# PARCOR coefficient quantization method, PARCOR coefficient quantization apparatus, program and recording medium

On a criterion to minimize the entropy of the linear prediction residual of the input signal used for calculation of the input PARCOR coefficient sequence, PARCOR coefficients with larger absolute values are quantized with higher quantization precisions so as to reduce the increase of the code amount of the linear prediction residual caused by the quantization error of the PARCOR coefficients. If the PARCOR coefficient is represented by a value formed by a predetermined number of bits, the number of effective bits from the most significant bit toward the least significant bit included in the output value increases with the absolute value of the PARCOR coefficient.

## Description

#### TECHNICAL FIELD

The present invention relates to a lossless coding technique for a digital time sequence signal, such as an audio signal.

#### BACKGROUND ART

For example, consider a situation where an input signal is processed on a frame basis, and each frame contains N samples, as shown in FIG. 1. The input signal is represented as XO(n) (n=1, 2, . . . , N). The maximum allowable order of the PARCOR coefficient is Pmax.

A linear prediction analysis part 901 calculates the PARCOR coefficients of the first order to the predetermined maximum, Pmax-th order, KO(1), KO(2), . . . , KO(Pmax) from the input signal XO(n) according to the Levinson-Durbin method, the Burg method or the like, and outputs an optimal order PO and a PARCOR coefficient sequence KO=(KO(1), KO(2), . . . , KO(PO)) of the PARCOR coefficients of the first order to the PO-th order determined according to some method (see Patent literature 1, for example).

A quantization part 903 quantizes the PARCOR coefficient sequence KO and outputs a quantized PARCOR coefficient sequence K′O=(K′O(1), K′O(2), . . . , K′O(PO)). A reverse conversion part 905 converts the quantized PARCOR coefficient sequence K′O into a linear prediction coefficient sequence a′O=(a′O(1), a′O(2), . . . , a′O(PO)), and outputs the linear prediction coefficient sequence a′O=(a′O(1), a′O(2), . . . , a′O(PO)). A filter 907 performs PO-th order filtering of the input signal XO(n) (n=1, 2, . . . , N) using the linear prediction coefficient sequence a′O=(a′O(1), a′O(2), . . . , a′O(PO)) as a filter factor according to the following formula (1), thereby determining a prediction residual eO(n) (n=1, 2, . . . , N). Note that aO′(0)=1. In the following formula, the symbol “x” represents a multiplication.

$eo ⁡ ( n ) = ∑ i = 0 Po ⁢ a ′ ⁢ o ⁡ ( i ) × Xo ⁡ ( n - i ) ( 1 )$

A residual coding part 911 performs entropy coding of the prediction residual eO(n), for example, and outputs a residual code CeO. A coefficient coding part 909 codes the optimal order PO and the quantized PARCOR coefficient sequence K′O=(K′O(1), K′(2), . . . , K′O(PO)) and outputs a coefficient code CkO. A code synthesis part 913 combines the residual code CeO and the coefficient code CkO and outputs the resulting synthesis code CaO.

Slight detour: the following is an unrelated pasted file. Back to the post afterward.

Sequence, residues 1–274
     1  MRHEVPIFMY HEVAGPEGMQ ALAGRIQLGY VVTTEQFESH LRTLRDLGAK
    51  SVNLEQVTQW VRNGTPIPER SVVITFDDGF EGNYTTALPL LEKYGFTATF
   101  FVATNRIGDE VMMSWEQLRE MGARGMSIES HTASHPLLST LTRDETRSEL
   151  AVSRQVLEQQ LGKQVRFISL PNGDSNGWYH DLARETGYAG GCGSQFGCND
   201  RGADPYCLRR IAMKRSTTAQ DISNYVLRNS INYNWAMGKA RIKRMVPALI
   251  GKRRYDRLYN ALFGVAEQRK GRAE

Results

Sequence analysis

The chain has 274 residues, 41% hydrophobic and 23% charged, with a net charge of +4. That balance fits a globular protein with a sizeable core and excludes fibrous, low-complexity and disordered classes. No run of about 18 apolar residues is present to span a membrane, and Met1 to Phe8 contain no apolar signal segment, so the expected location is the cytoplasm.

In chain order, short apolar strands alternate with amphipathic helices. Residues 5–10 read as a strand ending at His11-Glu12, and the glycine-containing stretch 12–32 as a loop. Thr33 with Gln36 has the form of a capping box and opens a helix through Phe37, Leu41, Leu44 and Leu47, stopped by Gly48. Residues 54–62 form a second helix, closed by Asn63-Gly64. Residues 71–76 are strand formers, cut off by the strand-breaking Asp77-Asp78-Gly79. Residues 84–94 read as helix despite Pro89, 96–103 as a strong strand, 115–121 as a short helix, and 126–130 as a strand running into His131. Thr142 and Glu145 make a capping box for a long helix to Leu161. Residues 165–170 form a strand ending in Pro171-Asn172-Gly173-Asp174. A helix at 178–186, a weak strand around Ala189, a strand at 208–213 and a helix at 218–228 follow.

The quantization part 903 quantizes the PARCOR coefficient for efficient code transmission.

FIG. 2 shows an example of linear quantization of the PARCOR coefficient according to a prior art. Each PARCOR coefficient in the PARCOR coefficient sequence KO assumes a real number value falling within a range from −1 to +1. Assuming that each PARCOR coefficient is calculated with a 16-bit precision, and the value obtained by multiplying the PARCOR coefficient by 32768 is represented by a signed 16-bit integer, the PARCOR coefficient can assume a value falling within a range from −32768 to +32767. That is, −(32768/32768) =−1 corresponds to a signed 16-bit integer that represents −32768, and +−(32767/32768) ≈+1 corresponds to a signed 16-bit integer that represents +32767. The signed 16-bit integer values are linearly quantized with four bits. Specifically, of the bits of the signed 16-bit integers that represent the values obtained by multiplying the PARCOR coefficients in the PARCOR coefficient sequence KO by 32768, the higher order four bits are maintained, and the remaining lower order twelve bits are padded with 0. Then, the resulting value is divided by 32768, resulting in a quantized PARCOR coefficient sequence K′O. The quantized PARCOR coefficients in the quantized PARCOR coefficient sequence K′O are 4-bit precision values, and therefore, the error due to the quantization is significant compared with the 16-bit precision. However, the code amount required to represent each quantized PARCOR coefficient in the quantized PARCOR coefficient sequence K′O is only 4 bits. The quantization precision can be determined based on the trade-off between the quantization error and the code amount.